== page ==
The “Idiot” species, we suggested, bore responsibility for Latin America’s underdevelopment. Its beliefs — revolution, economic nationalism, hatred of the United States, faith in the government as an agent of social justice, a passion for strongman rule over the rule of law — derived, in our opinion, from an inferiority complex.
Things evolve, and by 2009, the idiots were
back in force in the form of populist heads of state who are reenacting the failed policies of the past, opinion leaders from around the world who are lending new credence to them, and supporters who are giving new life to ideas that seemed extinct.
Now we have a clerical version, in the form of that air conditioning-hater, the The Peronist Pope who is fond of straw men, as we read that In Fiery Speeches, Francis Excoriates Global Capitalism
His speeches can blend biblical fury with apocalyptic doom. Pope Francis does not just criticize the excesses of global capitalism. He compares them to the “dung of the devil.” He does not simply argue that systemic “greed for money” is a bad thing. He calls it a “subtle dictatorship” that “condemns and enslaves men and women.”
Having returned to his native Latin America, Francis has renewed his left-leaning critiques on the inequalities of capitalism, describing it as an underlying cause of global injustice, and a prime cause of climate change. Francis escalated that line last week when he made a historic apology for the crimes of the Roman Catholic Church during the period of Spanish colonialism — even as he called for a global movement against a “new colonialism” rooted in an inequitable economic order.
The fact remains that capitalism works,
Cato economist Michael Tanner estimates that in the last 20 years, capitalism has lifted more than a billion people out of poverty and halved the number of those living in developing countries on less than $1.25 a day.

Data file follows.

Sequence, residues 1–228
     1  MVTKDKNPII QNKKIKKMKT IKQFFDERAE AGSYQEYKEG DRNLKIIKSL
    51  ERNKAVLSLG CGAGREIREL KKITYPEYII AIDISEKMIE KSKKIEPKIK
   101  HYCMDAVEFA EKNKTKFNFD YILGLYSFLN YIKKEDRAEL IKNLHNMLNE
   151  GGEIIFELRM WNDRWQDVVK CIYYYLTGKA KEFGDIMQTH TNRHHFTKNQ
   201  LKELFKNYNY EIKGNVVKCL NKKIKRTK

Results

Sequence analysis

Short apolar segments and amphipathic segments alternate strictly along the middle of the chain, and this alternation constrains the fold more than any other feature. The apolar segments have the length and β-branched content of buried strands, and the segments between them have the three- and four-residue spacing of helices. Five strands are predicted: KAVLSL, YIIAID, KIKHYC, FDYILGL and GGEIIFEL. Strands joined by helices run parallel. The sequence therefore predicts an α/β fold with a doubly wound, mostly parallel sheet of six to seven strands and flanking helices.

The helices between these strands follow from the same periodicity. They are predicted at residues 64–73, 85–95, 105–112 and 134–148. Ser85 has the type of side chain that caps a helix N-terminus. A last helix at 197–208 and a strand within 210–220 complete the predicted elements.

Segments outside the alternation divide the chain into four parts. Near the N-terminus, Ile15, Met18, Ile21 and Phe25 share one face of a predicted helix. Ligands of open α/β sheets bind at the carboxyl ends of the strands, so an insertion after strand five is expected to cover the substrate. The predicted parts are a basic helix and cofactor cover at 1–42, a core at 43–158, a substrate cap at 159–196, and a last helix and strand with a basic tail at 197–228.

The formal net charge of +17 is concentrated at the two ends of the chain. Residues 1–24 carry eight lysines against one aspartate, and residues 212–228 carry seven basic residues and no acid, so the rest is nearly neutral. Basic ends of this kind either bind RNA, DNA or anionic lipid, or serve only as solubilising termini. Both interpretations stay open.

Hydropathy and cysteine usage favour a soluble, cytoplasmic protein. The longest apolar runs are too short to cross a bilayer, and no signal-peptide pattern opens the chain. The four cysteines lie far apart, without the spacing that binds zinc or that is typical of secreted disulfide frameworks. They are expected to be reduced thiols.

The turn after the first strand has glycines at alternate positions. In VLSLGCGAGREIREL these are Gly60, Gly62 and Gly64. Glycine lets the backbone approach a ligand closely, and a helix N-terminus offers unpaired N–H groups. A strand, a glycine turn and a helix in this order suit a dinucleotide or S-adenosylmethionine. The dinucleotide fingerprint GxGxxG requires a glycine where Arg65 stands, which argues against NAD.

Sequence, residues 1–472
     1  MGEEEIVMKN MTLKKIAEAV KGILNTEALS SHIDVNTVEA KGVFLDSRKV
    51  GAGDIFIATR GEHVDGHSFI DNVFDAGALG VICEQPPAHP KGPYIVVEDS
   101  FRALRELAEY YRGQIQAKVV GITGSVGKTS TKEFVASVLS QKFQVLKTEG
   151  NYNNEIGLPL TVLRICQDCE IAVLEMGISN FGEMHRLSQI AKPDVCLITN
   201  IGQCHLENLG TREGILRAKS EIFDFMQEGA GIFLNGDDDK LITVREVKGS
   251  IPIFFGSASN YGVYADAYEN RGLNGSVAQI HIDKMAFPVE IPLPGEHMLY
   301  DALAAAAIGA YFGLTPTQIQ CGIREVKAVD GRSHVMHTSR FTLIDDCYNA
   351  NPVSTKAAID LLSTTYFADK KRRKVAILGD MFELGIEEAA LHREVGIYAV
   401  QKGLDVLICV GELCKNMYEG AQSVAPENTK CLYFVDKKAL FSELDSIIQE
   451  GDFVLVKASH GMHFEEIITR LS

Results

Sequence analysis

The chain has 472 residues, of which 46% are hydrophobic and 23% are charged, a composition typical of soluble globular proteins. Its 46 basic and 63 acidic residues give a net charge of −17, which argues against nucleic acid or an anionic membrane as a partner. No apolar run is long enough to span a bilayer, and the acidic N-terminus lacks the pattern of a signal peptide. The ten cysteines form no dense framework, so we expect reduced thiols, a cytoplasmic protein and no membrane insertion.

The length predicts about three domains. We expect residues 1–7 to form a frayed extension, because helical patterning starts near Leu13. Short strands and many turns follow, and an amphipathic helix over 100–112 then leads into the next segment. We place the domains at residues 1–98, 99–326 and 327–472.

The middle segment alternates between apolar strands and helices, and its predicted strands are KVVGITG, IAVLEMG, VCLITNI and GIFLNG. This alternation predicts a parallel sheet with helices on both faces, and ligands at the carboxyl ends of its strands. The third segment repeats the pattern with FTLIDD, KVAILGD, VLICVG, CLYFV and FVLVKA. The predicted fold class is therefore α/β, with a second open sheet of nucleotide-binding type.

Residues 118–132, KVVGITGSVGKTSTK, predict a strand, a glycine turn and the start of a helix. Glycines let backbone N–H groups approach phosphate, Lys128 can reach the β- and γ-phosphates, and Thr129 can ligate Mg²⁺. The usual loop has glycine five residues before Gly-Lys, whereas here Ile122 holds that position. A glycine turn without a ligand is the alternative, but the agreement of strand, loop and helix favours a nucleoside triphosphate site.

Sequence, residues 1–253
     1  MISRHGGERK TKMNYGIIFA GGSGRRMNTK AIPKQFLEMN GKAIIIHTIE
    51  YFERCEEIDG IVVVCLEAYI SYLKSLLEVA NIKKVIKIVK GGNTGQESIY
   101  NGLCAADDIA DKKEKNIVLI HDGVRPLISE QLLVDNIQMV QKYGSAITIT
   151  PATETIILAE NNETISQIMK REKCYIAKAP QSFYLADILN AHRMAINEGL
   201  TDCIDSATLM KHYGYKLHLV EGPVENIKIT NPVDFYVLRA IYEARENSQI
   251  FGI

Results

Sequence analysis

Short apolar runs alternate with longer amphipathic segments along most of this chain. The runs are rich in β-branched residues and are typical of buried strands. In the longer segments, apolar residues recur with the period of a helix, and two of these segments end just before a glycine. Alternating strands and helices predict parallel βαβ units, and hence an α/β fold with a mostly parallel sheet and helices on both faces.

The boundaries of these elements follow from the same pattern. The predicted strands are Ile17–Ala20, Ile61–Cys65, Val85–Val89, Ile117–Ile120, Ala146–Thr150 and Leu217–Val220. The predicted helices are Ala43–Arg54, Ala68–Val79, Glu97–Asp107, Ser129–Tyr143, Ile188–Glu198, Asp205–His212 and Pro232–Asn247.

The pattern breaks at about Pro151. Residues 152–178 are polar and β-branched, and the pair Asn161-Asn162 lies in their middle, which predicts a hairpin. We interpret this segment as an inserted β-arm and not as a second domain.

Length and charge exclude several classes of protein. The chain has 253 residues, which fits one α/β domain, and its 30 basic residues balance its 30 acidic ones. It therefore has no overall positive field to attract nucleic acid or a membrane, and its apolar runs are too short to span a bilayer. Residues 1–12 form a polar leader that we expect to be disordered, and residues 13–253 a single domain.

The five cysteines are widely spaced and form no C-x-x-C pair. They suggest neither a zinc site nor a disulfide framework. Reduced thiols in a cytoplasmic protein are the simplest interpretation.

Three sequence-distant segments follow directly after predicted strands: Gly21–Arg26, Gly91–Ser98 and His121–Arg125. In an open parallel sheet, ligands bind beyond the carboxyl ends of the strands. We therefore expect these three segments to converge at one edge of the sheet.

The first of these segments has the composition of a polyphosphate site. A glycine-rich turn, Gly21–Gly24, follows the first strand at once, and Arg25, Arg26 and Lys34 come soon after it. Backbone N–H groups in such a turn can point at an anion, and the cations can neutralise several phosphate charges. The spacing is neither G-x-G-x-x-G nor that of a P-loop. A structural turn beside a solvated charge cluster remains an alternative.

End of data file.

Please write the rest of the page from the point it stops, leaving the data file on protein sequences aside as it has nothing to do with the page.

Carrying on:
With such results, failing to see capitalism in its unfettered form as a viable solution to poverty borders on the immoral.
— TakingHayekSeriously (@FriedrichHayek) July 10, 2015
Why I’m Disregarding Laudato Si and You Should Too (lengthy but worth the read).
[In case you wonder, here’s the original speech in Spanish,
TEXTO: Discurso del Papa el encuentro con los movimientos populares en Bolivia]
Christian charity and free market entrepreneurship are not only compatible, but necessary to truly aid the poor.
Christian charity strives for the moral betterment of man, and the advancement of our neighbor out of love. For believers, these are works of religion, which many men and women of good will willingly and freely undertake. Forcing people “to do good” is the death of the virtue of charity, as charity must always be freely exercised.
But a second factor is equally needed to alleviate poverty: entrepreneurs and the free-market system. These offer the possibility of a greater and more lasting solution to the problem of poverty. Creating jobs and industry is a great good, and to diminish the possibilities for entrepreneurs and the private sector and claim the façade of virtue in doing so, is pure folly. Entrepreneurs and the business class do more in the United States for the Church and for vital issues to society, than anywhere else in the world.
I don’t expect Fr. Marcel to be invited to the Vatican any time soon.
As if things weren’t bad enough, Pope Francis invited California Governor Jerry Brown to lend his expertise on global warming and climate change to a summit at the Vatican later in the month. But he banned Philippe de Larminat, an actual scientist, from the April 28 summit.
Linked to by Babalu. Thank you!